In this work, we propose a new approach for on-chip optical non-reciprocity which makes use of the recent advances in the fabrication of on-chip and micron sized optomechanical (OM) devices [26–29]. In our scheme, the non-linear coupling between light and a mechanical mode inside a ring resonator leads to a non-reciprocal response of the OM system, which is induced and fully controlled by an external driving field. We characterize the input-output relations of such a device and show that by choosing different configurations the same mechanism can be employed for optical isolation as well as non-reciprocal phase shifting and routing applications. We describe under which conditions non-reciprocity is optimized and in particular, we find that even in the presence of a finite intrinsic mode coupling inside the ring resonator, non-reciprocal effects remain large for a sufficiently strong OM coupling. In contrast to optical isolation based on a non-linear response of the OM system [19], our schemes can in principle be applied on a single photon level, limited by the up-conversion of thermal phonons only [30–32]. Our analysis shows that a noise level below a single photon can be achieved with present technology, which makes this device a suitable building block for various non-reciprocal applications in the classical as well as the quantum regime.

## 2. Optomechanically induced non-reciprocity: a toy model

Before starting with a more general treatment below, we first outline in this section the essence of the OM induced non-reciprocity for an idealized and slightly simplified setting. Specifically, we consider an OM ring resonator, for example a toroidal microresonator, which is side-coupled to a waveguide as shown in Fig. 1(a). This configuration is commonly referred to as an all-pass filter (APF). The ring resonator supports two degenerate right- and left-circulating optical modes with frequency *ω _{c}* and bosonic operators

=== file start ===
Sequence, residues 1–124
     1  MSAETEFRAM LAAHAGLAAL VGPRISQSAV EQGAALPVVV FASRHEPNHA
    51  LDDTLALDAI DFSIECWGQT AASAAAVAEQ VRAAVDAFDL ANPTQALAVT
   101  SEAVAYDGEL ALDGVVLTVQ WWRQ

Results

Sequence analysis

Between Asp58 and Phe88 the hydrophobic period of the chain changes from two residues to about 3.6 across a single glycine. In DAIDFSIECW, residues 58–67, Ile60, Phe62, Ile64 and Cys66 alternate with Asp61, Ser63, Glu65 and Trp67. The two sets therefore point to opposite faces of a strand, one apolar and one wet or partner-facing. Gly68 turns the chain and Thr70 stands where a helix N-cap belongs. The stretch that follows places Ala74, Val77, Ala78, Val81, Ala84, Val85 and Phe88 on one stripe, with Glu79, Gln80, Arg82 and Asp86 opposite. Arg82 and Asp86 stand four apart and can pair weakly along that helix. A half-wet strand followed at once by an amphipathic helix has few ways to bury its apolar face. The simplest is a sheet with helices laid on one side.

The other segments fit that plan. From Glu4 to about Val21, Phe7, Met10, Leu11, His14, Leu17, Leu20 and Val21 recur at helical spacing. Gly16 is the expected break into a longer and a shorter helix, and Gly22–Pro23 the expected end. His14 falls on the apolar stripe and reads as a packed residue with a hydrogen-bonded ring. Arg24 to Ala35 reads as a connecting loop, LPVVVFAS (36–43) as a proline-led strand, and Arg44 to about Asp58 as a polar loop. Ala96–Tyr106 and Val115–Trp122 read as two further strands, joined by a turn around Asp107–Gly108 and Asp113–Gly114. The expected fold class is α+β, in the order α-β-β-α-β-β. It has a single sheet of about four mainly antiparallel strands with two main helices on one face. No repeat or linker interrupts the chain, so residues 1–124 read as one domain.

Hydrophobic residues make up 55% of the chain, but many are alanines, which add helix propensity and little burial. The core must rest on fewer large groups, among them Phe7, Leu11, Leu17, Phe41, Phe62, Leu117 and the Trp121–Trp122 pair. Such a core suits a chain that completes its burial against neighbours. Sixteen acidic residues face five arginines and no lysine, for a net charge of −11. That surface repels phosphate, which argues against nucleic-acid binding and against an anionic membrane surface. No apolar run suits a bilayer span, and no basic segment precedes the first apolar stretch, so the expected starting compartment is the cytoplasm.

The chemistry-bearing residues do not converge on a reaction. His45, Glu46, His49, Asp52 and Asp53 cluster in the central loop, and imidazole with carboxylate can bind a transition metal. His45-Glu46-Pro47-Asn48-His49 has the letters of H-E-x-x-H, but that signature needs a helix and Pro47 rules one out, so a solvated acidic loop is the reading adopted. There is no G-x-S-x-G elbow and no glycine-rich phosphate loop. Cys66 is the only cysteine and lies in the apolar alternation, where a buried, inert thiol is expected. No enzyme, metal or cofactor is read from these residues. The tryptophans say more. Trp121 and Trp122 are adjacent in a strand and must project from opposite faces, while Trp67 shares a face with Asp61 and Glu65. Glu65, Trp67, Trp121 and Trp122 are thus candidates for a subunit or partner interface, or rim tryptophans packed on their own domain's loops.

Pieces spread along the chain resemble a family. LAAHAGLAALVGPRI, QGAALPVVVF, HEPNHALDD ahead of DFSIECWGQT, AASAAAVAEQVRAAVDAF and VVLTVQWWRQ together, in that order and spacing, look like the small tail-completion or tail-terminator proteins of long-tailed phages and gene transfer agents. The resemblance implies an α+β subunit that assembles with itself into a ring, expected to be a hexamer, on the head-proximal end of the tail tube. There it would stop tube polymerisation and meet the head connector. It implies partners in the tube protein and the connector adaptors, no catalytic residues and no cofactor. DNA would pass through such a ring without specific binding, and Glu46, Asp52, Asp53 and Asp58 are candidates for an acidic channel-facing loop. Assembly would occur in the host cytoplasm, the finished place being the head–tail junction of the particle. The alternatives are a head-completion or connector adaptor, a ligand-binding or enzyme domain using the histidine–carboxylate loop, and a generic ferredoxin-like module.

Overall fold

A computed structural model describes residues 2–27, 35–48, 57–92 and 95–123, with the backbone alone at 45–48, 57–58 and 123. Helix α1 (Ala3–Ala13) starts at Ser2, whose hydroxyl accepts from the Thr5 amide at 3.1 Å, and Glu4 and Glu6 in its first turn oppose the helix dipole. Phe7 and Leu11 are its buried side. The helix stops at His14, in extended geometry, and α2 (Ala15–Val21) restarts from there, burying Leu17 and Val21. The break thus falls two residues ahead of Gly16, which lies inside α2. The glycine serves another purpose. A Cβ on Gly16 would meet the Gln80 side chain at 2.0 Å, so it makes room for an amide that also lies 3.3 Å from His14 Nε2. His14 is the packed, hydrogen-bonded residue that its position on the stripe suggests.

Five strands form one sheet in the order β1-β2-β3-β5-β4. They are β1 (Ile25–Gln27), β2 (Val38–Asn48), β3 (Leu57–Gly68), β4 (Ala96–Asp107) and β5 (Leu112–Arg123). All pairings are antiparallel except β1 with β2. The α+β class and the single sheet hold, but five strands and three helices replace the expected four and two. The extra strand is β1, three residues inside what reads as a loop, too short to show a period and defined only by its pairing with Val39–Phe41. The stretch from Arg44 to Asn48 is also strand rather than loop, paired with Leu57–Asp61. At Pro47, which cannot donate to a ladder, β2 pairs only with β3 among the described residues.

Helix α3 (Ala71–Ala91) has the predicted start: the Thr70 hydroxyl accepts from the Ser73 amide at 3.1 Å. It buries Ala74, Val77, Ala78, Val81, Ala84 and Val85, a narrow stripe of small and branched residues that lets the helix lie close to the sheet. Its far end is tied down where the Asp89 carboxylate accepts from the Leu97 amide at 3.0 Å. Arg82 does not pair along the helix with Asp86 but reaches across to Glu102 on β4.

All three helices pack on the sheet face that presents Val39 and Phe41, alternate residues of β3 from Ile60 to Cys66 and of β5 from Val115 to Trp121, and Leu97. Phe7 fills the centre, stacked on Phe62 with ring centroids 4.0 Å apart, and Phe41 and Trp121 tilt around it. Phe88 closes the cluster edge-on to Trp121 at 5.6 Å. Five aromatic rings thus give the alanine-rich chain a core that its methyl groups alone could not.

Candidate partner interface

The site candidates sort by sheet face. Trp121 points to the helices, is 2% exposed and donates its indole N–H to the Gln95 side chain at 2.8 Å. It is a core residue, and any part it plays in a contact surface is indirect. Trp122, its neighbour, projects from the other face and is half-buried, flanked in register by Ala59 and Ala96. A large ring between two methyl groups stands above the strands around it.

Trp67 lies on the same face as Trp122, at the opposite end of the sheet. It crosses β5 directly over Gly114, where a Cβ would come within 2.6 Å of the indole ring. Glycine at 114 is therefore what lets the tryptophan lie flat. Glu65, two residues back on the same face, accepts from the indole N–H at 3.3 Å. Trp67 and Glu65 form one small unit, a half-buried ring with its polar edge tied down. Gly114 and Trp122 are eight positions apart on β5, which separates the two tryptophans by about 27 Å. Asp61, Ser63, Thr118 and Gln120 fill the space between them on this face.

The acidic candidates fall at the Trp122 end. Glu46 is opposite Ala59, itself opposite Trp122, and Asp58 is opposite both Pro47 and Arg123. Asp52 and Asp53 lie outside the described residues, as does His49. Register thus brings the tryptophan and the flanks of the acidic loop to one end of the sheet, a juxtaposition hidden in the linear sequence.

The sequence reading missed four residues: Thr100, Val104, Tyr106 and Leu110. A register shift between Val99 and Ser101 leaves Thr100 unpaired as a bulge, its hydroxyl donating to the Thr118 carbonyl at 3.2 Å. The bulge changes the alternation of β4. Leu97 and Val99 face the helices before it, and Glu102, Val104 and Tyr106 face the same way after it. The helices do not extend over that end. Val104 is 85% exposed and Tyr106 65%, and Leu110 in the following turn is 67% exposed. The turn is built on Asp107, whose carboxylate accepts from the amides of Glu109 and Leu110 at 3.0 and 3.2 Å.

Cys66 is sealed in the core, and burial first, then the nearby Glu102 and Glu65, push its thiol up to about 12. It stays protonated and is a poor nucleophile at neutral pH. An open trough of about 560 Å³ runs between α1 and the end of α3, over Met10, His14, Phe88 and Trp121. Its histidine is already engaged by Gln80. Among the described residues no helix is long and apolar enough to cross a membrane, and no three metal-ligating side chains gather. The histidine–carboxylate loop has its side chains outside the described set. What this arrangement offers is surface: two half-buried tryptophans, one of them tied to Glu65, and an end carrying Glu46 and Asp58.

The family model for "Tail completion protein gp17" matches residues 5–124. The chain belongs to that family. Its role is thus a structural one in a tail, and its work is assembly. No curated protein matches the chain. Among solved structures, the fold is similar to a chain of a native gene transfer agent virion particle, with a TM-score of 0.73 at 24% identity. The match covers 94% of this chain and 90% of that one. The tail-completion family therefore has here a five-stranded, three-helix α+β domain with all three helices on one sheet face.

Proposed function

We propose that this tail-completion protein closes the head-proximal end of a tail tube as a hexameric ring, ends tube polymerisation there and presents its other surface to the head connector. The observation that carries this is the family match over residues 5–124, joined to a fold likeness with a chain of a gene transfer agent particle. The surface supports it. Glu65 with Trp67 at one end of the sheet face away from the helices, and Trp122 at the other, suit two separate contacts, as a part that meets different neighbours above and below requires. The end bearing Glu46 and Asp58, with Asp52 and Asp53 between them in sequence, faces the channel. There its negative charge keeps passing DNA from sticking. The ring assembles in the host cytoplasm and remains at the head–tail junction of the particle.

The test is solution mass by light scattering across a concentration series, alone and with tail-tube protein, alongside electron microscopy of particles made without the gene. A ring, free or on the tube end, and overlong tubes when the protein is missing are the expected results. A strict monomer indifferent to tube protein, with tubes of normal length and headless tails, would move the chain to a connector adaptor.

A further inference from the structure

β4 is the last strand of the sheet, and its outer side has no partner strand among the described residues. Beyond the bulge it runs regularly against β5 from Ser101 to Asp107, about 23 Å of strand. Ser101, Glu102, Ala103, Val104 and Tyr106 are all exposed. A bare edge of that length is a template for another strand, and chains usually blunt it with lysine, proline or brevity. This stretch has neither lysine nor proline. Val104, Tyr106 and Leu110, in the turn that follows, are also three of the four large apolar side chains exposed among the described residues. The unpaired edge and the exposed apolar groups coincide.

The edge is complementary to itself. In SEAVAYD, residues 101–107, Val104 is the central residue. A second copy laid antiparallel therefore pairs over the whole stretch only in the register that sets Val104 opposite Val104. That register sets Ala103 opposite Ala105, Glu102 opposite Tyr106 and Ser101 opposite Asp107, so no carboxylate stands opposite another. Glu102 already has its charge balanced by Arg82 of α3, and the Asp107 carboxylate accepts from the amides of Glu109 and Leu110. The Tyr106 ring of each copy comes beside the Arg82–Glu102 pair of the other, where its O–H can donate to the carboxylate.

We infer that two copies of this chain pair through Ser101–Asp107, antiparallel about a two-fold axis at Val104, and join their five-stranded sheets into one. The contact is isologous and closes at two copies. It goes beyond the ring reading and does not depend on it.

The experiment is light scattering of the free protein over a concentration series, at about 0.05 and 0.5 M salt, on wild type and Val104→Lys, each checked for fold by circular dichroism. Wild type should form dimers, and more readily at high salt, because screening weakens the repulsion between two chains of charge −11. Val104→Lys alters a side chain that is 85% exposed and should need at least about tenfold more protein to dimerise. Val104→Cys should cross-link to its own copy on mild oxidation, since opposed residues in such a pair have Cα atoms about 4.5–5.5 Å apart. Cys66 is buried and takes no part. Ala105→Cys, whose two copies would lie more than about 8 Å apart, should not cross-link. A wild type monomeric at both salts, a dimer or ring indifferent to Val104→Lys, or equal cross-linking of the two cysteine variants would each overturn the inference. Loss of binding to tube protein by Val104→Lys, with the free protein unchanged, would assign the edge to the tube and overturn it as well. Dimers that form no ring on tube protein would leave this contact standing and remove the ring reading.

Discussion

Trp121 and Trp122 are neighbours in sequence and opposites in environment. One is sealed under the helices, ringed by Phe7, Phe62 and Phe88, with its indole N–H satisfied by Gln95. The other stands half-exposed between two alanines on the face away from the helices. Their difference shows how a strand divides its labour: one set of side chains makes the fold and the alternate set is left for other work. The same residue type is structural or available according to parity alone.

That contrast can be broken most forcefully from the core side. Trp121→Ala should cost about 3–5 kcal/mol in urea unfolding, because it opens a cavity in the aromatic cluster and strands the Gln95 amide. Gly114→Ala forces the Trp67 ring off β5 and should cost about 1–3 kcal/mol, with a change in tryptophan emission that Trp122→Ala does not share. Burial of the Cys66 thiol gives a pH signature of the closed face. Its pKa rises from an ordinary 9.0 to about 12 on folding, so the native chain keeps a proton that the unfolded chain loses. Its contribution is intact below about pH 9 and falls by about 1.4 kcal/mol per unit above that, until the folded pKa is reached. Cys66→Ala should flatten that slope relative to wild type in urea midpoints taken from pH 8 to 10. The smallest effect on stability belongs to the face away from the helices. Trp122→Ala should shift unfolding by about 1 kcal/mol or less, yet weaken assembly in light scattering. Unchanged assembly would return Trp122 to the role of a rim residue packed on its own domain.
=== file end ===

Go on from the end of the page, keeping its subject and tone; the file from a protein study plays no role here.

*a*and

_{R}*a*respectively. Radial vibrations of the resonator lead to a modulation of

_{L}*ω*which can be modeled by the standard OM Hamiltonian [33–36] (

_{c}*h̄*= 1),

*b*is the bosonic operator for the mechanical mode of frequency

*ω*and

_{m}*g*

_{0}is the OM coupling, which corresponds to the optical frequency shift per quantum of motion. Note that the mechanical mode is extended and varies slowly over the scale of the optical wavelength [36]. Therefore, the optomechanical coupling does not induce a mixing between the right- and left-circulating optical modes. In typical experiments

*g*

_{0}is very weak and to enhance OM interactions we now assume that the right-circulating resonator mode is excited by an external laser field of frequency

*ω*=

_{L}*ω*+ Δ. In the limit |

_{c}*α*| ≫ 1, where

_{R}*α*is the classical field amplitude of the driven mode, we can make a unitary transformation

_{R}*a*→

_{R}*a*+

_{R}*α*and linearize the OM coupling around

_{R}*α*. As a result, we obtain an effective Hamiltonian which in the frame rotating with

_{R}*ω*is given by [33–36]

_{L}*enhanced*OM coupling

*G*=

_{R}*g*

_{0}

*α*, and in view of |

_{R}*G*| ≫

_{R}*g*

_{0}, neglected residual OM interactions ∼

*𝒪*(

*g*

_{0}). We see that the external driving field creates an asymmetry between left- and right-circulating modes, which we can exploit for generating non-reciprocal effects.

In order to study the transport properties of light through such an opto-mechanical system, we use the input-output formalism [33, 37]. For both propagation directions, we define in- and outgoing fields which are related by

where 2*κ*is the resonator decay rate into the waveguide. After Eq. (2), the equations of motion takes the following form:

*κ*denotes the intrinsic photon loss rate of the optical resonator and